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Harvey Charles Berger

Harvey Berger’s Answers

3 total

  • How long do I have to file a lawsuit agents a former employer in CA for several things.

    I worked for them for three years and lived on their property. While there I was paid at least 10 less hours per week than what I actually worked. I contracted a sever disease while living and working on their property(possibly due to mold exposur...

    Harvey’s Answer

    The answer depends on which claims; wage claims can go back three or four years, depending if you file a claim with the Labor Commissioner or in court, but some of your damages in court may be limited for the 4th year. Personal injury claims (if they are not barred by workers comp) would be 2 years from the date of injury. Claims that theymade you violate the law could be covered under different deadlines (statutes of limitation) depending on how those are pled.

    Bottom line - you should seek the services of an attorney promptly; one that specializes in employment law and has some experience with personal injury claims would be best.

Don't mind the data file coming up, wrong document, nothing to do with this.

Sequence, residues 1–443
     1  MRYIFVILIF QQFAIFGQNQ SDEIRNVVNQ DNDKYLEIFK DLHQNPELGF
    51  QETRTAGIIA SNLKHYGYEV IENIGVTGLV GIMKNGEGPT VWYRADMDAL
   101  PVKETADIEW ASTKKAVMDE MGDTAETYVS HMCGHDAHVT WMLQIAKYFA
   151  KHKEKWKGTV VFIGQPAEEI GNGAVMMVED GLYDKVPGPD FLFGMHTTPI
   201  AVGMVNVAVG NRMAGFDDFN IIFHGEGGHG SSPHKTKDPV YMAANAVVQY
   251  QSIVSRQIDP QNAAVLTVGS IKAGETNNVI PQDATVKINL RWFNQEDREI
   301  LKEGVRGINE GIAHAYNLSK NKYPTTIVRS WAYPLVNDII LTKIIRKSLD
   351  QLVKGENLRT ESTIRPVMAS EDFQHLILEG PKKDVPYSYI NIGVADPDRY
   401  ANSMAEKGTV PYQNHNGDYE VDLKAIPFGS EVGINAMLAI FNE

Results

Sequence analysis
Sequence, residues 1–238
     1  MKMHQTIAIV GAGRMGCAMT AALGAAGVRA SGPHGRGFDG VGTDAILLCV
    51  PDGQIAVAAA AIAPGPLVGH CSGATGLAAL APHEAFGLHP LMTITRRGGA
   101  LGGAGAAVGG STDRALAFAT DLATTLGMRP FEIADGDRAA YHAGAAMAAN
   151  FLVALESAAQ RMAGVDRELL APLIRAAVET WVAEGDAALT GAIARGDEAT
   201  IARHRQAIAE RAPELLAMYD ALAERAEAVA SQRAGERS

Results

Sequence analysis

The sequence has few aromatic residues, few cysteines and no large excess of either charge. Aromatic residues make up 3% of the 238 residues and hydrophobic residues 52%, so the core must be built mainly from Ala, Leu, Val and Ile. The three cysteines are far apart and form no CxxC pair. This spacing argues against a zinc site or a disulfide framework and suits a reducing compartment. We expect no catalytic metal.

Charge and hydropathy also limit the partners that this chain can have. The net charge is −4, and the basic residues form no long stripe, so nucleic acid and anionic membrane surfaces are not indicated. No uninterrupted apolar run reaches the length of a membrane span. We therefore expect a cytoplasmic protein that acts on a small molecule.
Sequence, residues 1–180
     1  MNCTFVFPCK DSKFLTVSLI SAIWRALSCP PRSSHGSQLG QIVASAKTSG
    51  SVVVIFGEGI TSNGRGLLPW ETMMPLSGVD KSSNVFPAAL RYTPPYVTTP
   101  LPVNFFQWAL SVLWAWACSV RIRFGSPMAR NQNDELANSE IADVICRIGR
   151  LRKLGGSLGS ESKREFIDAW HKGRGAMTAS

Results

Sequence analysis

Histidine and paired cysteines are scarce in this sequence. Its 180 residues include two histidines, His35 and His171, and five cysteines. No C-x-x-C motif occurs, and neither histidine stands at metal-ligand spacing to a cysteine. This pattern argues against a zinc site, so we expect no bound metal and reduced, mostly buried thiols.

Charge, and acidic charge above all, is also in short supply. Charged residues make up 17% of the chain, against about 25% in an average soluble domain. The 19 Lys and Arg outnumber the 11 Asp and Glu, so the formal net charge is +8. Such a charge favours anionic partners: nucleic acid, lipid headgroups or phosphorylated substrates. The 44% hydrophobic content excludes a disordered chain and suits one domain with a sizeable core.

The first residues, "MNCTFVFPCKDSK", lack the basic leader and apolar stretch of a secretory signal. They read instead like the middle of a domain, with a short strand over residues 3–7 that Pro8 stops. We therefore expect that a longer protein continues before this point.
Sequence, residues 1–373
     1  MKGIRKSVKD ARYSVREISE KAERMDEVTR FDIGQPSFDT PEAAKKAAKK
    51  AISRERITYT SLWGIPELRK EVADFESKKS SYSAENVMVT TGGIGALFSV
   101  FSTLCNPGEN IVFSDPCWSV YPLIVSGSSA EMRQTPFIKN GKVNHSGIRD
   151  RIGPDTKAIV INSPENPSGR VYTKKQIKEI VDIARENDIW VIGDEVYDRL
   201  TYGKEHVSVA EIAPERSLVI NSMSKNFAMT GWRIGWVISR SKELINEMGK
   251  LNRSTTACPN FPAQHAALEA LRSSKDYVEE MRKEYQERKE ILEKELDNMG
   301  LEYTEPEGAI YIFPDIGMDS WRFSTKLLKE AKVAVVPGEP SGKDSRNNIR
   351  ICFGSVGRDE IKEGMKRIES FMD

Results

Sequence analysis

Harvey Berger
    Pope, Berger & Williams, LLP

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  • Employers electronic record keeping requirement

    How long a public company should keep electronic records of employees assuming they are still in business? How about emails? Financial-wage related?

    Harvey’s Answer

    We are just going to post a blog on this issue. While the Labor Code and Industrial Wage Orders require an employer to keep wage records for 3 years, employees can sue for "restitution" under the Business and Professions Code for four (4) years - seeking recovery of minimum wage, overtime, etc., so employers should keep wage records (and documents related to wages) for four (4) years.
    An employee can file suit and has sixty (60) days to serve the lawsuit, so if you are real paranoid, you should keep the records for 4 years and 60 days.

    Harvey Berger
    Pope, Berger & Williams, LLP
    619-234-1222

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  • Can Employment agencies legally take money from your Earnings?

    Employment agencies usually charge a fee for finding a job for someone seeking employment, I grant that, but once a person is employed, Can the agency legally take $150.00 from your first paycheck? Besides paying the agency a fee of $20.00, we sti...

    Harvey’s Answer

    I agree with Alex Sliheet (for a change!) The employer cannot deduct any amounts from your paycheck without written authorization, and the employer cannot force you to pay business expenses out of your paycheck. But if this is a contract for services, and you are paying separately from your paycheck, that is, of course, legal.

    Harvey Berger
    Pope, Berger & Williams, LLP
    619-234-1222

    See question